After our tour on the Chao Praya River, the visit of the most important temples in Bangkok and other important points of interest in Bangkok, we kept the last day for visiting the Grand Palace in Bangkok and the Temple of the Smaragd Buddha (Wat Phra Kaew). Both are among the most important monuments in Bangkok, situated in the old town quarter Rattanakosin.
The Grand Palace in Bangkok was built in 1782 during the reign of Rama I. and used to serve as a Royal Residence until 1925. It is a huge complex composed of various buildings and we started our visit at the Royal Chapel Wat Phra Kaew, also known as the Temple of Emerald Buddha, located in the Northeast part of the complex.
At the entrance, I had to borrow a long skirt for a small fee as my trousers were not long enough (they only covered my knees and as this is the most sacred place in Thailand, the rules are much stricter than in the other temples). But I was not the only one. Many tourists had the same problem (well one cannot walk the whole day in 40°C in long pants, right?).
The Royal Chapel (Wat Phra Kaew) is the most sacred Buddhist temple in Thailand, particularly because it houses the most sacred statue of Thailand – 66 cm tall dark green statue of Emerald Buddha (this is where its name comes from). The statue sits on a golden altar and at the beginning of each season, the king himself changes the clothes. There are no pictures allowed in the temple, so you will not see here the statue on my blog.
Upon the entry to the site, we could admire gallery with wall paintings covering themes from Ramakien (Thai version of Indian Ramayana epic).
If I should describe this place with only one sentence, then I would probably say something like your eyes are spoiled here by the beauty or architectural style of old Bangkok, golden color and all the colorful details.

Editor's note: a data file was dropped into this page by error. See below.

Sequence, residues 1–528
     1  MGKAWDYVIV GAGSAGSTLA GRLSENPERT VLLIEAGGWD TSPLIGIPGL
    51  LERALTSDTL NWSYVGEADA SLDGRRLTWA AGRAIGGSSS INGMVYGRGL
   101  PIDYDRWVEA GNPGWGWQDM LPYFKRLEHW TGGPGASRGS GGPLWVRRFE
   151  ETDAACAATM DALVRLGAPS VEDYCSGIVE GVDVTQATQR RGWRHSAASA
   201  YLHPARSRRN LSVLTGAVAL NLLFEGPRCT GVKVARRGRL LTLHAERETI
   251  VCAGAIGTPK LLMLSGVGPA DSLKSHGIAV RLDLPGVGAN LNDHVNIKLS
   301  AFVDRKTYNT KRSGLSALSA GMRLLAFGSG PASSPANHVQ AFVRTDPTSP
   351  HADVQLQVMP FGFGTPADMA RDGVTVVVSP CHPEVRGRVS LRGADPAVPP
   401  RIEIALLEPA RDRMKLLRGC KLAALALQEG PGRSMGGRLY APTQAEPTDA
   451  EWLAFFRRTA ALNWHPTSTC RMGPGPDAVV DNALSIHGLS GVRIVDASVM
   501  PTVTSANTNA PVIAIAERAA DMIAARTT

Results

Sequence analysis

I loved those Garuda decorations on the external walls of the Royal Temple. (Garuda is a humanoid bird occurring in Buddhism as well as Hinduism)
On the upper terrace, there are 3 sacred buildings: Royal Pantheon, library (Phra Mondop) and golden Phra Si Ratana Chedi.
Read also: 5 Temples in Bangkok Worth Visiting
The Royal Pantheon (Prasad Phra Thepbidon) was built in the first half of 19th century during the reign of Rama IV., who wanted to place the Emerald Buddha here. Unfortunately, he died before the works were finished and Rama V. found the Pantheon too small for Emerald Buddha so the statue stayed in the Royal Chapel. Today the Royal Pantheon houses 8 life-size statues of kings from Chakri Dynasty and is not accessible for tourists – it is only open once a year, on the Chakri Dynasty Day on the 6th April, and only the Royal family can access it.
Two golden chedis (pagodas carrying relics) in front of the entry to Pantheon are decorated with colorful statues that make the impression of carrying the chedis.
Pantheon is guarded by gold-plated statues of half-human and half-bird figures (kinare).
Library (Phra Mondop) in Thai style built by Rama I., is dominated by a huge door in Ayutthaya style. The library hides Tripitaka (old Buddhist manuscripts) and pictures of kings from the Chakri Dynasty.
Phra Si Rattana Chedi is a pagoda in Srí Lanka style, built in the first half of the 19th century during the reign of Rama IV. This is the most sacred place of Wat Phra Kaew as it carries Buddha’s relics.
We can also find a model of Cambodian temple Angkor Wat, that symbolizes a certain power of Thailand over Cambodia which was about to be colonized by France.
We are leaving Wat Phra Kaew and moving direction the Grand Palace, where we can admire 4 main buildings:
Phra Maha Monthien is a group of several buildings: crowning hall, royal dining room, and residence of first 3 kings of Chakri Dynasty.
Chakri Maha Prasad (Throne Hall Chakri) is a bit different on the first sight, as it was designed by British architect during the reign of Rama V. who admired European architecture. But after some disputes, a Thai style roof replaced the original one in order to reflect Siamese motifs. Inside, there is a collection of ancient weapons.
Aphornphimok Pavilion is a small beautiful pavillon that served as a changing room for the king.
Dusit Maha Prasad (Throne Hall Dusit) is an audience hall with original monther-of-pearl throne of Rama I. You can also see mother-of-pearl bed that served for relaxing between audiences.
If you like Thailand, do not miss one of my next posts about islands in the Andaman Sea or Ayutthaya (ancient capital of the Siam Kingdom).